There’s apparently enough Lithium in Nevada to electrify entire US fleet.
Elon Musk announced Tesla’s investment in extracting the most widely used metal in battery anodes from sand (Silicon), because it apparently stores up to nine times more Lithium compared to the same quantity of graphite (the material it is usually taken from). The technique needed to extract the Lithium from Silicon needed to be perfected by Tesla and it all sounds rather difficult to achieve and it requires salt (brine) to work.
In Elon’s own words, “with Silicon, the cookie crumbles and gets gooey,” referring to Silicon’s 4x expansion when fully charged with Lithium. What this means is there’s expansion stress on the particles and after many charge-discharge cycles, they begin to crack and ultimately start losing capacity.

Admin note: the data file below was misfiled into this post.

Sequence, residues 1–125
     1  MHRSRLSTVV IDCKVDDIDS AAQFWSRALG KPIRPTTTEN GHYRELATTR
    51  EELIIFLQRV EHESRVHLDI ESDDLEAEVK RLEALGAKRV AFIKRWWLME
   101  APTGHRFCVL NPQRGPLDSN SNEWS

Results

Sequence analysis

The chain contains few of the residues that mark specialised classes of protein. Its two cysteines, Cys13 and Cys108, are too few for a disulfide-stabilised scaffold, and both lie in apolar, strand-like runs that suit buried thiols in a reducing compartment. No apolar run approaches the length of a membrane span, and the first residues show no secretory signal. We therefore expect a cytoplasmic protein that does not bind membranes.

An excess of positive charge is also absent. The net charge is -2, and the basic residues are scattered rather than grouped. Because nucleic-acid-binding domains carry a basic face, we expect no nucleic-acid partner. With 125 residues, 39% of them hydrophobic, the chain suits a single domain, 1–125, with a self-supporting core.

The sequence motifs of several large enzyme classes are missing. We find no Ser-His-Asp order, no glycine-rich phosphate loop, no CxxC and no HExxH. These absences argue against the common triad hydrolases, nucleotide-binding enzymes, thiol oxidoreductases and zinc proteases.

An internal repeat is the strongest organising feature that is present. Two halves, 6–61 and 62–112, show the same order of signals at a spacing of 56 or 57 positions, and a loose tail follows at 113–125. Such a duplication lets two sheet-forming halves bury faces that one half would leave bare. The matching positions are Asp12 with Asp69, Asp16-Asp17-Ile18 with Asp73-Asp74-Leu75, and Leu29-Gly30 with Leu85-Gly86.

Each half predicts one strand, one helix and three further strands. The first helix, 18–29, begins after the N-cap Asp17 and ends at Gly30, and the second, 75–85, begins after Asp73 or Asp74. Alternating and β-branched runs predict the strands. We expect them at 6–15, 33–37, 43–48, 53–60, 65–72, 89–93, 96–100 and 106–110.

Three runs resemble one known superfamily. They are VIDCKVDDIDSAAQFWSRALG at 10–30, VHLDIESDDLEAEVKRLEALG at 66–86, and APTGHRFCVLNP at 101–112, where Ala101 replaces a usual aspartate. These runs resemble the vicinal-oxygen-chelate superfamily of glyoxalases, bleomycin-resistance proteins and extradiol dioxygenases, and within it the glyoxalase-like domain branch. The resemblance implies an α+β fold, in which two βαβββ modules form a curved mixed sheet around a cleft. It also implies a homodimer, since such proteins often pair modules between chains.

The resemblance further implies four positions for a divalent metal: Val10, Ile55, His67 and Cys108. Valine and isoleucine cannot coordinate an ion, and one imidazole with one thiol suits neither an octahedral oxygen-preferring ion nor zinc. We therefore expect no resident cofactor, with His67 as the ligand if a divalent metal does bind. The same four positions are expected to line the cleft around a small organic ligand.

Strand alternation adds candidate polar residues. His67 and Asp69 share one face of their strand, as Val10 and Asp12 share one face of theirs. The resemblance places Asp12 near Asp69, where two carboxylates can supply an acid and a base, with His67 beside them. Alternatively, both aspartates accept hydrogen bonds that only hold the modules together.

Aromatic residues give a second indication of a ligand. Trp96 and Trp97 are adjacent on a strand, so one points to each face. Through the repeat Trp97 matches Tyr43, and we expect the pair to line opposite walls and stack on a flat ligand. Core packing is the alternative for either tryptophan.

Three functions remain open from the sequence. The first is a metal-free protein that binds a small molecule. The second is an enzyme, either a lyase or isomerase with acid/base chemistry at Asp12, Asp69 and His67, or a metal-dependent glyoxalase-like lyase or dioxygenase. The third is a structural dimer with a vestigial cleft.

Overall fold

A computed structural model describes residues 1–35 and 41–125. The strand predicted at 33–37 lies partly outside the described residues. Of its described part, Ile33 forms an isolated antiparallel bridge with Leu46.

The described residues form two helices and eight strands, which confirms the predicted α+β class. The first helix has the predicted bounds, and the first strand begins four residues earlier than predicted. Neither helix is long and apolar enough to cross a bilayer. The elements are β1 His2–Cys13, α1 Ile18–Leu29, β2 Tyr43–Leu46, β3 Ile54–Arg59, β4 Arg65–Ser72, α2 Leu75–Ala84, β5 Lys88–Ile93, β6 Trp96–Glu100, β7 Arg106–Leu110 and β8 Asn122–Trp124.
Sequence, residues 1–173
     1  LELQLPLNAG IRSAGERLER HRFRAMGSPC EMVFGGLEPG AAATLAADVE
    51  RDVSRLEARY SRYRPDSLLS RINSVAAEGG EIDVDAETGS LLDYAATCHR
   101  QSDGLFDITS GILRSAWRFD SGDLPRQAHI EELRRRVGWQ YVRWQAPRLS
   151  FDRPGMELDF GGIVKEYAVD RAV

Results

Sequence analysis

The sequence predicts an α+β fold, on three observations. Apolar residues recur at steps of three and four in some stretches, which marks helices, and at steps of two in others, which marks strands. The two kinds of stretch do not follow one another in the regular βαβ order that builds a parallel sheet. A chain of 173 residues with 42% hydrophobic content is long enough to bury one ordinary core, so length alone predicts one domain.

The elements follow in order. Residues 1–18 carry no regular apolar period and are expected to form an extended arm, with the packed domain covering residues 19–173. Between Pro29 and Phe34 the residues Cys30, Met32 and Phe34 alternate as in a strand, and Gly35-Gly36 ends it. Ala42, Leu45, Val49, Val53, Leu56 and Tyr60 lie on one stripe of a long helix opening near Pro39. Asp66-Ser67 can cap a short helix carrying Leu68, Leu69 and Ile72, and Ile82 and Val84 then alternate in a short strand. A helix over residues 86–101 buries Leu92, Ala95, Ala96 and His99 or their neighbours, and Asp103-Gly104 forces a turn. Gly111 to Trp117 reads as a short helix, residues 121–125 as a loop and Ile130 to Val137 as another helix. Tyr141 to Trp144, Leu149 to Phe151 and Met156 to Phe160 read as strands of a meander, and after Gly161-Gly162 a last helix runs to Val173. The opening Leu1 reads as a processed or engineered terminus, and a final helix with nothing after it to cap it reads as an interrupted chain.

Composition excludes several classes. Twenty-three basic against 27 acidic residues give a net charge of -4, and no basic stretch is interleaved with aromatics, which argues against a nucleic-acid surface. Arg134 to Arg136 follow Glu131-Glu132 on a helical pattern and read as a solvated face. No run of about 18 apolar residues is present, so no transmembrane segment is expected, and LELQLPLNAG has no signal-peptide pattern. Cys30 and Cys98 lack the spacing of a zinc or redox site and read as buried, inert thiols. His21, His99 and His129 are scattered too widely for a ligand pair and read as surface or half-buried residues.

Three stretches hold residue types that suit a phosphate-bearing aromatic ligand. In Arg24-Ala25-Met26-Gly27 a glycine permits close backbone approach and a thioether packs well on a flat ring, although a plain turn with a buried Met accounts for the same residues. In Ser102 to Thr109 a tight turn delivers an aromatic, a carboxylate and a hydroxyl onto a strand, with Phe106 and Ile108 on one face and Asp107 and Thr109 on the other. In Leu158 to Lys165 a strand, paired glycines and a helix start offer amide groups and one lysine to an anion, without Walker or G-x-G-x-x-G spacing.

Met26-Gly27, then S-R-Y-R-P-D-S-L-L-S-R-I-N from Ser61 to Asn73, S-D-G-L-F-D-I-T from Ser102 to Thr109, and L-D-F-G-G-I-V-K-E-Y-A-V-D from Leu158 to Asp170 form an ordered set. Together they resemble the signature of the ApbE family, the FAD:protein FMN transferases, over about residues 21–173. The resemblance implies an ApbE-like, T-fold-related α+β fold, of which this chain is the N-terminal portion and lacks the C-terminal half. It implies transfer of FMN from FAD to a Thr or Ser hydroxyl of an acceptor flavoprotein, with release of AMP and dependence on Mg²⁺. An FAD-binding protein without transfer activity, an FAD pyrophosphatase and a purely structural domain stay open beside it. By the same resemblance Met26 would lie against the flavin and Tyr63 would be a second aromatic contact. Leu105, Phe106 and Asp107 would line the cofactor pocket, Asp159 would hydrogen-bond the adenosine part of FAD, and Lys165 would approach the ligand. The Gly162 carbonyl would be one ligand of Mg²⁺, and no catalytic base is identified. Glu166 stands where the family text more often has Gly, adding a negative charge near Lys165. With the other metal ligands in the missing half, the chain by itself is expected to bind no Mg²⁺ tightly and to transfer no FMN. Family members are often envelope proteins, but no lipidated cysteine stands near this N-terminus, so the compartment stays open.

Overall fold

The biggest problem, though, has to be cost, because it is currently quite expensive to extract Lithium from Silicone - $100/kWh versus $10.2/kWh if it’s extracted from graphite. Tesla says that through its own technique, it will be able to drop the price to around $1.2/kWh. This is just one part of the company's plan to control the process from raw materials to finished packs being installed in cars all while dropping costs and environmental impact.